Constipation is irregular, infrequent or difficult passage of faeces. Constipation is most often defined as having a bowel movement less than 3 times per week. It is often associated with hard stools or problems passing stools. You may have pain while passing stools or may be unable to have a bowel movement after straining or pushing.
It is the most common physiological disorder of the alimentary tract. It is characterized by incomplete evacuation of hard, dried stools. It occurs commonly in children, adolescents, adults on low fibre diets, patients confined to bed, in individuals and in elderly persons.
It is a condition in which:
- fewer than 3 stools passed while a person is eating a high residue diet,
- more than 3 days go by without the passage of stool.
Types of Constipation
There are three main types of constipation.
Atonic constipation (lazy bowel): There is loss of muscle tone causing weak peristalsis due to lack of fluids, roughage and potassium, vitamin B Complex deficiency, irregular defecation habit and poor personelhygiene, excessive purgation or use of enema, sedentary lifestyle or lack of exercise.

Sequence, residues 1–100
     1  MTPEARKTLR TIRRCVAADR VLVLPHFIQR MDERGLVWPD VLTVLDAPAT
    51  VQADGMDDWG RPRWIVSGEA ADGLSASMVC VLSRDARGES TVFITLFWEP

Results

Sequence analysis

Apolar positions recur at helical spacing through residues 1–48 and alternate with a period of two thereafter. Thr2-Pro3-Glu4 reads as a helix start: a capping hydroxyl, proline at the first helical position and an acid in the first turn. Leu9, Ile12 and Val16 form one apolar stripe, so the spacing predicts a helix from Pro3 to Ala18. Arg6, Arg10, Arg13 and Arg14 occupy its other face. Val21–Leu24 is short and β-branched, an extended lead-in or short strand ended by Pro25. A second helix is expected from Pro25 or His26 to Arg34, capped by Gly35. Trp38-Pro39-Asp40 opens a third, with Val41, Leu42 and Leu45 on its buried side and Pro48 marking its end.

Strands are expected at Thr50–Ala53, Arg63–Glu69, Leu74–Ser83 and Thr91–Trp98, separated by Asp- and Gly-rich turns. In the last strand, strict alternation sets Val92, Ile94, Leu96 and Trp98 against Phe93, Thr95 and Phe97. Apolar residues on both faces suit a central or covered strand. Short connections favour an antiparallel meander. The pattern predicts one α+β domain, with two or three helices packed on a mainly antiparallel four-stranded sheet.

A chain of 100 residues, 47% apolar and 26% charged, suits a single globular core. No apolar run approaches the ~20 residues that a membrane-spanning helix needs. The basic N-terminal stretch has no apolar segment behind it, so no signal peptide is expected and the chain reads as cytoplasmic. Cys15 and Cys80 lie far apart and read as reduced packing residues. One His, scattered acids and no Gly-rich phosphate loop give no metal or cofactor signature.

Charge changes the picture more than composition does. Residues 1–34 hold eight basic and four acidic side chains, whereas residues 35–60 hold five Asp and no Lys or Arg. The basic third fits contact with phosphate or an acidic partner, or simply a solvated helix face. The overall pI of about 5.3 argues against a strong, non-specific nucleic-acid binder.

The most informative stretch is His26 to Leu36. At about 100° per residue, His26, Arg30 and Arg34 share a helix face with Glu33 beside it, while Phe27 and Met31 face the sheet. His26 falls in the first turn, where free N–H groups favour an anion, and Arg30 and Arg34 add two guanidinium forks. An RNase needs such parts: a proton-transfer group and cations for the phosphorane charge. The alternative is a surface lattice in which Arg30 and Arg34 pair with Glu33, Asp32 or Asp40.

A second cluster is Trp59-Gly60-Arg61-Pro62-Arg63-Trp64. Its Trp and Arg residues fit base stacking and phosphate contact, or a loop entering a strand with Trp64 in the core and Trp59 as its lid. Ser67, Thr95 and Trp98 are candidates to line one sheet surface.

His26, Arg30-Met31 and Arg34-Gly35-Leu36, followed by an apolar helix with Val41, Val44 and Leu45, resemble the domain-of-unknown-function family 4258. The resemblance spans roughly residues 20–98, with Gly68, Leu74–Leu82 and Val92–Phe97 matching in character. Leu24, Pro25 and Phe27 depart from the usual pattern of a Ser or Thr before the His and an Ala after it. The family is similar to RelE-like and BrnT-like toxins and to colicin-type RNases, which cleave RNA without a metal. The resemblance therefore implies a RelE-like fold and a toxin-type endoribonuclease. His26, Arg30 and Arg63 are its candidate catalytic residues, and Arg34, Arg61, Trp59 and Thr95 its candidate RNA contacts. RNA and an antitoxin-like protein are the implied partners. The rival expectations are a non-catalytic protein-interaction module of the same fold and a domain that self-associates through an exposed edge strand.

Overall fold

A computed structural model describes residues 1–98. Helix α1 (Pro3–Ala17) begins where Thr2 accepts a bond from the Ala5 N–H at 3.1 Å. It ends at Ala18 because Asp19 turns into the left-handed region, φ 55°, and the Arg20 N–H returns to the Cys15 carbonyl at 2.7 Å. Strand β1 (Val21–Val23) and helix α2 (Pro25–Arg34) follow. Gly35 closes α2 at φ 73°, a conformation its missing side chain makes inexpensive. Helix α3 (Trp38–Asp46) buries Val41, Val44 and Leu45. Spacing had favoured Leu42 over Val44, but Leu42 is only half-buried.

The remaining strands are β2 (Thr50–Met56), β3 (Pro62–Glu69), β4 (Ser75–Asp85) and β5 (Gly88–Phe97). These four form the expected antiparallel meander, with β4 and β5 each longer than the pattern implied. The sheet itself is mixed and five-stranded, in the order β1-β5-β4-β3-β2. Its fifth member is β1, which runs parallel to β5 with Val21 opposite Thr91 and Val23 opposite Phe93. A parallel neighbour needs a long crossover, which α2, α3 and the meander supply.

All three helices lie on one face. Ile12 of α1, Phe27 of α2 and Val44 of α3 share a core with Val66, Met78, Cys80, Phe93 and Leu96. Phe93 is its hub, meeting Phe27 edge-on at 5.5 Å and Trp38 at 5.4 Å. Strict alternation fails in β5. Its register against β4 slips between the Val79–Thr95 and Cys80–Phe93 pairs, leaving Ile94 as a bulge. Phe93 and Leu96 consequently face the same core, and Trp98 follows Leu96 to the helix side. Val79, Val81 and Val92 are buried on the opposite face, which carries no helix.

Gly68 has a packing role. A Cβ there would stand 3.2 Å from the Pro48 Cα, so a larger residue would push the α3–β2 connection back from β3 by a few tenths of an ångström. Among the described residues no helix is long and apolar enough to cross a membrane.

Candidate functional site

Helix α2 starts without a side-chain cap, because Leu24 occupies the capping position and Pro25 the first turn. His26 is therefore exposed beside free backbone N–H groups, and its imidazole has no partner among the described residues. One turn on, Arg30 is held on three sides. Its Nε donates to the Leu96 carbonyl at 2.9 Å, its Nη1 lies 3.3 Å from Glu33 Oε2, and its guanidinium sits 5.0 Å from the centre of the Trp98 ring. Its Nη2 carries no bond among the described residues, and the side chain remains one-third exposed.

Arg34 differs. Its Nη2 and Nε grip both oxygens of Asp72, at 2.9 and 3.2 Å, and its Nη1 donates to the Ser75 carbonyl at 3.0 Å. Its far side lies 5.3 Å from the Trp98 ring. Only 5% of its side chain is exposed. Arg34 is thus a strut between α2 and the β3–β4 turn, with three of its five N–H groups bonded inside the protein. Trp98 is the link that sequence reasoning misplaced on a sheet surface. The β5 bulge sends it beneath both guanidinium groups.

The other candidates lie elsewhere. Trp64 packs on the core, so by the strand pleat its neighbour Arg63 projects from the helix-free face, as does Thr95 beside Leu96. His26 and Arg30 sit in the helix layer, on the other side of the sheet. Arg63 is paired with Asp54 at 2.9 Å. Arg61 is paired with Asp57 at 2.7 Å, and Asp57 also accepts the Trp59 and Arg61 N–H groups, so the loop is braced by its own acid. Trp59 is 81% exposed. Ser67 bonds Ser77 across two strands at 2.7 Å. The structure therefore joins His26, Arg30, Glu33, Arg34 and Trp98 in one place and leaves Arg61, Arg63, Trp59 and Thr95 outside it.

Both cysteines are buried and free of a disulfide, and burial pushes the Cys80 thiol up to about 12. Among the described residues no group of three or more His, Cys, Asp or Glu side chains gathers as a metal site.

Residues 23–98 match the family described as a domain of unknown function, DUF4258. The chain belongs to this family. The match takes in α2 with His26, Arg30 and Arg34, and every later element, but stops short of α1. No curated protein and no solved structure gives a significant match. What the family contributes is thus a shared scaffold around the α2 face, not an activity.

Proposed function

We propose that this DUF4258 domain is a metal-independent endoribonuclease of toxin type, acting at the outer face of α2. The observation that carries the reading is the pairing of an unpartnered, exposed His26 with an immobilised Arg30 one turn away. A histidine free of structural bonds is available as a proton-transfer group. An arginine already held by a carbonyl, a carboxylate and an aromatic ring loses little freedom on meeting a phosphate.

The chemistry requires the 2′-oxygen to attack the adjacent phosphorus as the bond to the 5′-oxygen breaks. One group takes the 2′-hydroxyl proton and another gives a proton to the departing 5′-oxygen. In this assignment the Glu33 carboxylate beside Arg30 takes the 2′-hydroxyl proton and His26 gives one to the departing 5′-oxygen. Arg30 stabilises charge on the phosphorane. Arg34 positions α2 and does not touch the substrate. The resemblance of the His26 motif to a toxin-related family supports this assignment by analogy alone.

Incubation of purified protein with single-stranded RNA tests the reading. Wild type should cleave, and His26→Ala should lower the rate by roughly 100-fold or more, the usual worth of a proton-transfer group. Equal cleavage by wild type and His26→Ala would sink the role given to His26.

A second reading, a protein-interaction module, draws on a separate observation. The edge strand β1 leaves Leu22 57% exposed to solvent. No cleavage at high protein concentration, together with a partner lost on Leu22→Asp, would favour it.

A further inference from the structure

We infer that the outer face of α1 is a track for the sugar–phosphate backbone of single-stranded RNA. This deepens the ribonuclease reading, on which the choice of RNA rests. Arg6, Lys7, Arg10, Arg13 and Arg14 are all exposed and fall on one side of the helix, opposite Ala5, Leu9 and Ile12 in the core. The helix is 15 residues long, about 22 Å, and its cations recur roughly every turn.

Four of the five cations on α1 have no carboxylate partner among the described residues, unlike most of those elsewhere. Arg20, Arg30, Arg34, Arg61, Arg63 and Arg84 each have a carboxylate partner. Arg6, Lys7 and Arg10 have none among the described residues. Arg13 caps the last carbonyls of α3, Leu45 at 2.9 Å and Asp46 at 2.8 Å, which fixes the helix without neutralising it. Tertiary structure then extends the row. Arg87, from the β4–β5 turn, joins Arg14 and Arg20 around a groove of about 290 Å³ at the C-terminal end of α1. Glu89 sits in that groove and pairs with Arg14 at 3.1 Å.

Spastic constipation: It results from excessive tone of the colonic muscle.
Obstructive constipation: It occurs usually due to obstruction in the colon, cancer or any other obstruction due to inflammation or narrowing of the lumen.
Causes of Constipation
Constipation is most often caused by:
- Low-fiber diet
- Lack of physical activity
- Not drinking enough water
- Delay in going to the bathroom when you have the urge to move your bowels
Stress and travel can also contribute to constipation or other changes in bowel habits.
Other causes of constipation may include:
- Colon cancer
- Diseases of the bowel, such as irritable bowel syndrome
- Mental health disorders
- Nervous system disorders
- Underactive thyroid
- Use of certain medications
Proper dietary and lifestyle management can help in maintaining the normal bowel movements to a great extent. Medical interventions are required only when constipation arises because of some structural or functional change in the gastrointestinal tract.